Since 1998 Te Papa has embraced its responsibility to meet future challenges and is recognised as an agent of change in learning and research, seeking to be New Zealand’s leading centre for research and informal learning.
How do we shape the future?
How do we learn from the past?
Learning – a nonstop journey in a very large classroom that is Te Papa
Te Papa is at the forefront of learning and sharing for current and future generations. From the time it opened Te Papa has delivered a series of public programmes and workshops across not only its learning sectors but also in conjunction with its major exhibitions. To nurture and to increase learning opportunities across all ages remains a core part of Te Papa.
Te Papa is developing progressive and innovative learning initiatives involving digital technologies including virtual reality, 3D and touch tables to provide greater outreach. All of this demands greater financial support.
Since the establishment of the Colonial Museum in 1865 the national museum has developed a proud history of scientific discovery and dissemination, often in collaboration with other institutions nationally and internationally.
Te Papa’s science activities centres on the care and development of a globally important collection, an active research programme and an increasingly expansive outreach programme. These include in-house and touring exhibitions, education initiatives, the publication of scientific and popular articles, dissemination of a range of digital products and a suite of public seminars and professional presentations.
The collections comprise millions of specimens, including unique and historically significant material. Through 15 decades of collaborative work, insight and dedication, the collections have been built up by scientists and collectors nationally. The collection contains specimens across all biological groups and from throughout New Zealand, its offshore islands, Antarctic territories and dependencies and from across the Asia-Pacific region.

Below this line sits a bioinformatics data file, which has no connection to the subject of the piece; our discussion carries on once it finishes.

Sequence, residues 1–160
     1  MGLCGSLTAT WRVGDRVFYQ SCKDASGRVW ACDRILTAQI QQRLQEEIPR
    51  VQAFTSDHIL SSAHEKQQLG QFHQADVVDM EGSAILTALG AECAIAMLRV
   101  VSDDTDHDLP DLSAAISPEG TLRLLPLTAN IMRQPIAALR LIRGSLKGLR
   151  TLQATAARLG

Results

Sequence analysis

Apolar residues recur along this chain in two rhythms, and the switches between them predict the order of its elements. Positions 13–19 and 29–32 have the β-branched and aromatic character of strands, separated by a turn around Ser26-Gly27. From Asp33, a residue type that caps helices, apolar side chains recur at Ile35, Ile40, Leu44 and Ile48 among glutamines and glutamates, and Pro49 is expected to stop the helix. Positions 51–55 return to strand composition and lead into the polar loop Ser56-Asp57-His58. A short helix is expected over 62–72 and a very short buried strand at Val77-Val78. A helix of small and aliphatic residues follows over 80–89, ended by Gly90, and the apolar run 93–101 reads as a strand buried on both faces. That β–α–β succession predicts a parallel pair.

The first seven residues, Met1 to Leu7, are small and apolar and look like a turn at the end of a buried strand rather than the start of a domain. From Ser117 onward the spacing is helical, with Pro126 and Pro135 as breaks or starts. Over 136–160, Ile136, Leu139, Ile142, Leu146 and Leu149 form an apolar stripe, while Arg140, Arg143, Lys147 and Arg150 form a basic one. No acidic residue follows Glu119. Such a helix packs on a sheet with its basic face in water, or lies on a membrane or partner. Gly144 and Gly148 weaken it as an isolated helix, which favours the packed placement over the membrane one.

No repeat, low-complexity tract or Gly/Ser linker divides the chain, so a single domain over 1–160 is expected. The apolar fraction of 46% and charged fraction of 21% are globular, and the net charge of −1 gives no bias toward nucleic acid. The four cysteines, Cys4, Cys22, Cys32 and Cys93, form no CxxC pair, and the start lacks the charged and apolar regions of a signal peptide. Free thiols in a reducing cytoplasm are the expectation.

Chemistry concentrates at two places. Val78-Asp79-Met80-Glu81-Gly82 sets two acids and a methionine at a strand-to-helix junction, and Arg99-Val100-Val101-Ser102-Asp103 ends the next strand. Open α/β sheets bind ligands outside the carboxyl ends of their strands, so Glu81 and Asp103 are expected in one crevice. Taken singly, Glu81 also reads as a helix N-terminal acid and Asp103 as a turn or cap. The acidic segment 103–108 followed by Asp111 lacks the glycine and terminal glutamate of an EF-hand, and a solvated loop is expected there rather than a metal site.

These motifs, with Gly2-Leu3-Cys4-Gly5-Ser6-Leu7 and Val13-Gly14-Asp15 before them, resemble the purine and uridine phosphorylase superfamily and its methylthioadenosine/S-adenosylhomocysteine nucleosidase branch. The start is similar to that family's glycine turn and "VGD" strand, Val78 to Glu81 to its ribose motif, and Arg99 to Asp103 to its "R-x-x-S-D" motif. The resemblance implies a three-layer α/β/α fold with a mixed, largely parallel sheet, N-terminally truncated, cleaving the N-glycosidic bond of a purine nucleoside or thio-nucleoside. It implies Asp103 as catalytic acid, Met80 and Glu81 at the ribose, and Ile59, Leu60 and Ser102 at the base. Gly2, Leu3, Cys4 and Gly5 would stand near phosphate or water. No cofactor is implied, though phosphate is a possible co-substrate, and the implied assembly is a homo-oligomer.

The challenge is to make these collections and the research increasingly accessible to a wider range of audiences and to support and grow the network of groups interested in science while ensuring the specimens are also kept safe.
A year of science at Te Papa
It is worthwhile noting an impressive list of achievements in a 12-month period.
- 700,000 Squid Fans – this is the number of online visitors who followed the Science Live Squid event in September 2014. Te Papa produced media streamed live to YouTube plus blog posts.
- A new natural history exhibition and citizen science activities, Declassified opened in December 2014 and described some of Te Papa’s recent scientific discoveries to visitors online and in the galleries.
- The new genetics lab at Te Papa’s Tory Street facility was commissioned, and opened in August 2015, enabling researchers to do a suite of genetics research programmes in-house.
- 58 scientific articles were published in peer reviewed journals during 2014-15 on five major research themes.
- Over 10,000 specimens were accessioned into the collections including a colossal squid and important collections of plants, insects, molluscs, worms, fossils, fishes, lizards and amphibians. This work was primarily undertaken by the Collection Managers.
- Two major Collections were acquired: The Whittaker Herpetology Collection (reptiles and amphibians) comprising 1000 jars of voucher records of species that had come into New Zealand from overseas; and the NIWA Christchurch Freshwater Fishes Collection, comprising 3500 jars covering the endemic freshwater fishes as well as species introduced.
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